As nature’s most powerful antioxidant, astaxanthin benefits canine endurance, aging, vision health and more.
Daily antioxidants are known to support canine health in a variety of beneficial ways. They promote a healthy immune response, support eye health in aging dogs, and contribute to a normal inflammatory response. Antioxidants also help neutralize potentially harmful free radicals.
Free radicals are reactive molecules produced both as by-products of the body’s natural physiology, and as a result of interaction with the environment. Antioxidants produced naturally by the body work together with dietary antioxidants to control and balance the level of free radicals in the body. When this balance is tipped in favor of free radical accumulation, oxidative stress and damage can occur to healthy cells. Oxidative stress can happen anywhere in the body, including in the muscles, eyes, skin, and brain.
Since all antioxidants work somewhat differently, a varied diet containing many is the most beneficial.
Astaxanthin, a natural antioxidant
Astaxanthin can boost a dog’s antioxidant capacity, helping to control oxidative stress. Natural astaxanthin is a targeted mitochondrial ingredient whose antioxidant activity is reported to be higher than that of beta carotene, lutein and vitamin E.
Natural astaxanthin is red in color and belongs to the family of antioxidants called carotenoids, which are most commonly found in fruits and vegetables. However, unlike carotenoids such as the beta-carotene found in carrots, lycopene found in tomatoes, and lutein found in spinach, natural astaxanthin is found in red-colored seafoods like lobster, crab, shrimp and salmon. For dogs and people, the main dietary source of natural astaxanthin is wild salmon. However, salmon is a rare protein in commercial dog food, and a dog would have to consume four filets of wild king salmon daily to get a beneficial amount of astaxanthin.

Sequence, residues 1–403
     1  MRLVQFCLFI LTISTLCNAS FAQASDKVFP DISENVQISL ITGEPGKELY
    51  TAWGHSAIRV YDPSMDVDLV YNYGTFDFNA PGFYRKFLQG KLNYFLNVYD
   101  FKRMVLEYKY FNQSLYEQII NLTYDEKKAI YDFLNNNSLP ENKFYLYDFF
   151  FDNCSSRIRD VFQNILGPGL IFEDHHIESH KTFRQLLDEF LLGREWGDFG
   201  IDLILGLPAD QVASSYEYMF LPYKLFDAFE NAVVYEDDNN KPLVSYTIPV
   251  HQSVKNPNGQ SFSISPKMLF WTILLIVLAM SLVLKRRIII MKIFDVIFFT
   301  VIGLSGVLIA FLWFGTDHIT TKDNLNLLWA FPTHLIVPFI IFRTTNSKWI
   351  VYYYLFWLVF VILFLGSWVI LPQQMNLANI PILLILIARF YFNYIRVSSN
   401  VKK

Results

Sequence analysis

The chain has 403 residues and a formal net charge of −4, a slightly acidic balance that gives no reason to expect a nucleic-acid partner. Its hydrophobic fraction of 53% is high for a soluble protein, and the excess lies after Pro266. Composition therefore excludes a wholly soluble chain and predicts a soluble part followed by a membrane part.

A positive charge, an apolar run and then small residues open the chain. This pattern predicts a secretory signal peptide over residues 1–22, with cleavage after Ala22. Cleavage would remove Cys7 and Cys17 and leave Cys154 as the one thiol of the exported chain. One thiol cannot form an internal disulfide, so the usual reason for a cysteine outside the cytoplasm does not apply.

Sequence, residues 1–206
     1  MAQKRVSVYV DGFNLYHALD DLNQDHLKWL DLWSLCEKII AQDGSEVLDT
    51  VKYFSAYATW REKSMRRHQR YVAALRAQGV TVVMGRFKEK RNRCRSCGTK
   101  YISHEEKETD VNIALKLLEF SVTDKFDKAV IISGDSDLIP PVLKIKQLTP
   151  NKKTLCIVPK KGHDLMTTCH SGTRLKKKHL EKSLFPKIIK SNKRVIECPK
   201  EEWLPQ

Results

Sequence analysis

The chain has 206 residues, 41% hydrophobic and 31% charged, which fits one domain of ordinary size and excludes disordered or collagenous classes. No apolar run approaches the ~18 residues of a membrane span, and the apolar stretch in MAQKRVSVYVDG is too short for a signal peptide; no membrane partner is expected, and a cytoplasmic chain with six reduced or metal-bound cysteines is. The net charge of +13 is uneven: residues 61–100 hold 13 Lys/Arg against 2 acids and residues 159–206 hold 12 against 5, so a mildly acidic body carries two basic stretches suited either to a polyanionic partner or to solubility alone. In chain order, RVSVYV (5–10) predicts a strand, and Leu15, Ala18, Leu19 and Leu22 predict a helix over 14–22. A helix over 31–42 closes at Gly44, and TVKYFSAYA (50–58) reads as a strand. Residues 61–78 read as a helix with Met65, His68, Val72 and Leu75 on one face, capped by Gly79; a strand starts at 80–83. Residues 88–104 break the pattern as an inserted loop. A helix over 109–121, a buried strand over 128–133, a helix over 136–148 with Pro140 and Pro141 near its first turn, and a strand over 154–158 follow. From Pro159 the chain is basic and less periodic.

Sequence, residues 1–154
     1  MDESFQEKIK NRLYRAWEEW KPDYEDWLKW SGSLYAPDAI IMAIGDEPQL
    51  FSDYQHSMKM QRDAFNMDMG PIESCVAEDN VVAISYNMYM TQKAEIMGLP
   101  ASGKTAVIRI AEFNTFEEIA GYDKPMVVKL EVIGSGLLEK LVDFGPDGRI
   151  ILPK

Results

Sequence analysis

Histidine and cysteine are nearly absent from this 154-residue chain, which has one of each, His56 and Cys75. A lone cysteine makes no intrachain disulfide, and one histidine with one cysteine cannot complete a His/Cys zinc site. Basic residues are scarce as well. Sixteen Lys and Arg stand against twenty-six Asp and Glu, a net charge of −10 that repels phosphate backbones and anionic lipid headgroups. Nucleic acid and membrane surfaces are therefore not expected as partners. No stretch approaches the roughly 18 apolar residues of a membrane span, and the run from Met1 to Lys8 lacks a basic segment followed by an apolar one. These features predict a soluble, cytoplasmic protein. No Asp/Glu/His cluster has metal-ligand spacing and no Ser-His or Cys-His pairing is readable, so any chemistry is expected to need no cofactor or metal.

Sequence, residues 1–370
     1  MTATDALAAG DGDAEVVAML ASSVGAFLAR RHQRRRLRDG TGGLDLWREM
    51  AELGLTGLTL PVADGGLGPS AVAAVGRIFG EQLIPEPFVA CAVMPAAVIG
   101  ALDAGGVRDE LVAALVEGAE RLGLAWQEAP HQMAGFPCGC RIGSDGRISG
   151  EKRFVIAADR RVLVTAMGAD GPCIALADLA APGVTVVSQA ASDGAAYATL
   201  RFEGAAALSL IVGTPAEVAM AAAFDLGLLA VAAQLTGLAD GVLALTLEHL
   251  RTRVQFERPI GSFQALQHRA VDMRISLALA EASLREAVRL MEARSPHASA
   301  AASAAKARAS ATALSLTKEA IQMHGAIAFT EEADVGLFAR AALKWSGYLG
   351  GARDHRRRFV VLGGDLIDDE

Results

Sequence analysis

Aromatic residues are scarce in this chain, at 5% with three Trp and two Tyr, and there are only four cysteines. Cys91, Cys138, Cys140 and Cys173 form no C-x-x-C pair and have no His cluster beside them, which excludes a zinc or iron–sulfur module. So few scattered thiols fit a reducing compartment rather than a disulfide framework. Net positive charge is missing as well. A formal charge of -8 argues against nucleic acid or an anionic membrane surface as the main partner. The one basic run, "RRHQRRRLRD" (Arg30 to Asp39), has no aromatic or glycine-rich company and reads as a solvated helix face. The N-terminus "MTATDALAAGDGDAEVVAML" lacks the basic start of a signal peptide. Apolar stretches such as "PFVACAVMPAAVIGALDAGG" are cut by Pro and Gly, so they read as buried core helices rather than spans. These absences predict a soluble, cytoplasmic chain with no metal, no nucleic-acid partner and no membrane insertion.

Natural astaxanthin has some features that make it unique among antioxidants:
- It is one of nature’s most powerful antioxidants, which means it is very good at quenching free radicals. One study revealed that astaxanthin is 6,000 times stronger than vitamin C, 110 times stronger than vitamin E, and even three to five times stronger than its cousin carotenoids, lutein and beta carotene.
- Astaxanthin is a fat-soluble antioxidant that can access cell membranes, unlike water-soluble antioxidants. This is important because cell membranes are made of lipids, which are especially sensitive to oxidation. Natural astaxanthin has a unique structure that can span the cell membrane from end to end for better membrane coverage and antioxidant protection.
- Though it favors all membranes, as much as 50% of all membrane-bound astaxanthin has been found in mitochondrial membranes, the energy-producing parts of the cell that also produce free radicals as a by-product of their metabolic activity. This means that natural astaxanthin is poised at the site of free radical production to help neutralize these unstable molecules before they start a chain reaction that can damage healthy mitochondria and tissue.